So, she sees before her a world in which all of us are less likely to fall for things we watch or hear. And she’s right. The real tragedy of New Labour is not the betrayal of so many societal hopes, or even the relentless warmongering that led to Iraq. Terrible though they are, these were, perhaps, reversible actions. But the systematic undermining of the public’s faith in its government — the lies, the deceptions, the machinations — is not reversible. What was broken by the Alastair Campbell years can never be mended. New Labour has taught more Britons than ever not to trust. It’s an enormously unhelpful bit of education, and its historical implications could be seismic.
So, the very least we can do to acknowledge the scale and seriousness of the New Labour betrayal is to laugh at phoney Tony posing with his false guitar or, in my favourite of Jackson’s faux photographs of him, horsing around with Cherie in Cliff’s pool in the Caribbean, trying to pull off her top. It’s a fake image, yes. But it doesn’t look fake. And that makes it a valuable insight into the truth about Tony. “I’m interested more in the public perception of the person than in the actual person. That’s my point. What I feel about what I’m doing is that we live our lives through media and images. And that this filters into the public imagination. I’m the mirror that throws back what exists in the public mind.”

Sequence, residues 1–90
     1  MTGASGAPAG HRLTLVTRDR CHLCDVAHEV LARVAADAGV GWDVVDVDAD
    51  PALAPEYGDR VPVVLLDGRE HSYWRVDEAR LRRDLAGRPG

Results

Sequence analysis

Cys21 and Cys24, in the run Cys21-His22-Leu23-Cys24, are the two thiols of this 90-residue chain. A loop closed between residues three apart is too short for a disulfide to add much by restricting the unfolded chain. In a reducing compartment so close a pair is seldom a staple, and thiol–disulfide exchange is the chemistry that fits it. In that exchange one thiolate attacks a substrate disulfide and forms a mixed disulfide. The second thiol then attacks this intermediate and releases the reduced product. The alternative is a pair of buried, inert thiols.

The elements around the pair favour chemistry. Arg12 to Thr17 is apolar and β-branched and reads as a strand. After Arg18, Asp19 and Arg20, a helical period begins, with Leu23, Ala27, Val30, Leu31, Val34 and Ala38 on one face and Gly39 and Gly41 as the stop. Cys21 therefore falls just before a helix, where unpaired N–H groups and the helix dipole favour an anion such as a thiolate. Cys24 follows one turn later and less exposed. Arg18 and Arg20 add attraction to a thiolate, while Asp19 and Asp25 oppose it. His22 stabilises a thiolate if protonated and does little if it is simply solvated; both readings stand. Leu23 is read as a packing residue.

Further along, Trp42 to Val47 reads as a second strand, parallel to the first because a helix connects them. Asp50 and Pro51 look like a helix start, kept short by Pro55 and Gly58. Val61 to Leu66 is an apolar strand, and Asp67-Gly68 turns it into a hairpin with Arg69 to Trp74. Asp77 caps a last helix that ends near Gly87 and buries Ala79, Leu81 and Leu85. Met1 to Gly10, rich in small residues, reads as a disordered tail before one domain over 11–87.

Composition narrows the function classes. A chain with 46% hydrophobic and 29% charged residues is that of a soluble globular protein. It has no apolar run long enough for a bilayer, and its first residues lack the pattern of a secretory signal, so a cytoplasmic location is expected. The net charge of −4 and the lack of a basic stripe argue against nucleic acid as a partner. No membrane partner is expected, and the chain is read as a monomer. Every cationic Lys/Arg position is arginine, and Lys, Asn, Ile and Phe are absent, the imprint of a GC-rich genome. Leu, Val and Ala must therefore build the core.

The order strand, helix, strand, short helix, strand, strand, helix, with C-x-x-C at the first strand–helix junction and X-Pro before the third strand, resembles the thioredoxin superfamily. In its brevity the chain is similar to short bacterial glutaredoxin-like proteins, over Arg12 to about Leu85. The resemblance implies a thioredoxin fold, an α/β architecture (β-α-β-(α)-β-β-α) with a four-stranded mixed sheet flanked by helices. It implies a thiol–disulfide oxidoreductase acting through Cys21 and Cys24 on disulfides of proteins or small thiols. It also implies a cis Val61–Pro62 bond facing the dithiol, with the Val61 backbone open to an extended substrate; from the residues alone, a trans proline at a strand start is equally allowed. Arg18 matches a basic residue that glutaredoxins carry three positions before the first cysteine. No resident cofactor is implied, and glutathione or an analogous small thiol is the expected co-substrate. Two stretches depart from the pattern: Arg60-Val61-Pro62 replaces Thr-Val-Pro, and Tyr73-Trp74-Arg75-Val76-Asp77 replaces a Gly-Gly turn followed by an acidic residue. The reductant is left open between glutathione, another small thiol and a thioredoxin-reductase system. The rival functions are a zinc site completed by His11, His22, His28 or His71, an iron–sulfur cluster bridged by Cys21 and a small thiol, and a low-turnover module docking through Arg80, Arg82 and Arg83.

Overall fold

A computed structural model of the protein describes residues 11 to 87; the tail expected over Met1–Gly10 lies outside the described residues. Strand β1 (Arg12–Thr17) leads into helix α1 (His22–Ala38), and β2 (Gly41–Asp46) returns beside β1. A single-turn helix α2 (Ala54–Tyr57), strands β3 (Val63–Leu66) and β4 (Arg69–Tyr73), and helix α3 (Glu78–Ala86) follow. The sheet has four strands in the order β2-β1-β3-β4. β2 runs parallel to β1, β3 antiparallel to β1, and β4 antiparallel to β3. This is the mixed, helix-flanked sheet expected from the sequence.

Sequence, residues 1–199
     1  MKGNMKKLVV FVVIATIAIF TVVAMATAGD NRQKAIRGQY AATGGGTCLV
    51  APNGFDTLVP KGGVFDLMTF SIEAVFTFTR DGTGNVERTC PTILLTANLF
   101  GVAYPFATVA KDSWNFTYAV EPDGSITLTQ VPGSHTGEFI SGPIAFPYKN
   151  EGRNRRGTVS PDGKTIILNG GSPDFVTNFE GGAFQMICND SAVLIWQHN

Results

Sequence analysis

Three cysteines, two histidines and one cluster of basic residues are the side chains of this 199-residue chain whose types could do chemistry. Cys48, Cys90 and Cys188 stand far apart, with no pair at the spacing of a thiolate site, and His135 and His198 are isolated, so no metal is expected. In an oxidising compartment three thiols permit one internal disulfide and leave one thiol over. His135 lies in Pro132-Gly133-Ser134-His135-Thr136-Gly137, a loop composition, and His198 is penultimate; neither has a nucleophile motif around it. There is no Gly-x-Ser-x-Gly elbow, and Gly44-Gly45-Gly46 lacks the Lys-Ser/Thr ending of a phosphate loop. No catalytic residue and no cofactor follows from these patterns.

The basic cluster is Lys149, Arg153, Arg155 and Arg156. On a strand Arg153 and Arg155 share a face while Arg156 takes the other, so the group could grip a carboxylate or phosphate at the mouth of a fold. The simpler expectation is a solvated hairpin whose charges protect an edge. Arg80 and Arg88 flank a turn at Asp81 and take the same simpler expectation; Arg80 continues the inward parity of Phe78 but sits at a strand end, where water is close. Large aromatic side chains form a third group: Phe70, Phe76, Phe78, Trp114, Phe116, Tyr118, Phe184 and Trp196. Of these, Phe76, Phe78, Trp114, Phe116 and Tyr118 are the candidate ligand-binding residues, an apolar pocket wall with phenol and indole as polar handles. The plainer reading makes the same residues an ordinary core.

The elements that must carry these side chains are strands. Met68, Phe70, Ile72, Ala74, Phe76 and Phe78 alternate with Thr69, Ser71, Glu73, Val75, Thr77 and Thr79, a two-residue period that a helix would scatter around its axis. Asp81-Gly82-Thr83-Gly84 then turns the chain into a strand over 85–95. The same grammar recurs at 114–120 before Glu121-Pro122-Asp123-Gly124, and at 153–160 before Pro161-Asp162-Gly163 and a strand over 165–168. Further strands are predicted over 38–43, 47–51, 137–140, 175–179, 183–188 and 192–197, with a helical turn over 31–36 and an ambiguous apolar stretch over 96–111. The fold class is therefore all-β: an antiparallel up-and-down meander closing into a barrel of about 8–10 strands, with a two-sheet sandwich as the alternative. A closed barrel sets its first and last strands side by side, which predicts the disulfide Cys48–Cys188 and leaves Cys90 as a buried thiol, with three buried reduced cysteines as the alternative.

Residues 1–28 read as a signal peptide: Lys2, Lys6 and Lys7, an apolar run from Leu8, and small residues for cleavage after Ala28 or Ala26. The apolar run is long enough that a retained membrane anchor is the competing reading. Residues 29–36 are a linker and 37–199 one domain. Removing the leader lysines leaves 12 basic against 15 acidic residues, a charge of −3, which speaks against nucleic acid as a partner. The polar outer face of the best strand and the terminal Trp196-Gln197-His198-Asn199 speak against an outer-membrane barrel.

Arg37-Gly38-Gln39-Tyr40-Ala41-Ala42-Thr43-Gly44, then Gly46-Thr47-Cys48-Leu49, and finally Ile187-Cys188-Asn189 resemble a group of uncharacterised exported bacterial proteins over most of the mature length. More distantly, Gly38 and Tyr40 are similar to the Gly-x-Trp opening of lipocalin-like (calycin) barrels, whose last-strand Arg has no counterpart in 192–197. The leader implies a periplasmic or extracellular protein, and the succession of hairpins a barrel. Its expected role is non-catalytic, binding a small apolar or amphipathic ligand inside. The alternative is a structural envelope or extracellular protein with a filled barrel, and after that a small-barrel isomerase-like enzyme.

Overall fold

So, when we watch Sven prancing about with Ulrika on the stairs of her mansion, or listen in on the special FA meeting convened to review his salary demands, we are actually tuning into our own fantasies. In the world of media, there’s no real or unreal. There is only what feels authentic and what doesn’t. As Jackson puts it, huffily: “If the viewers are shocked by these images, they must be shocked by their own minds.”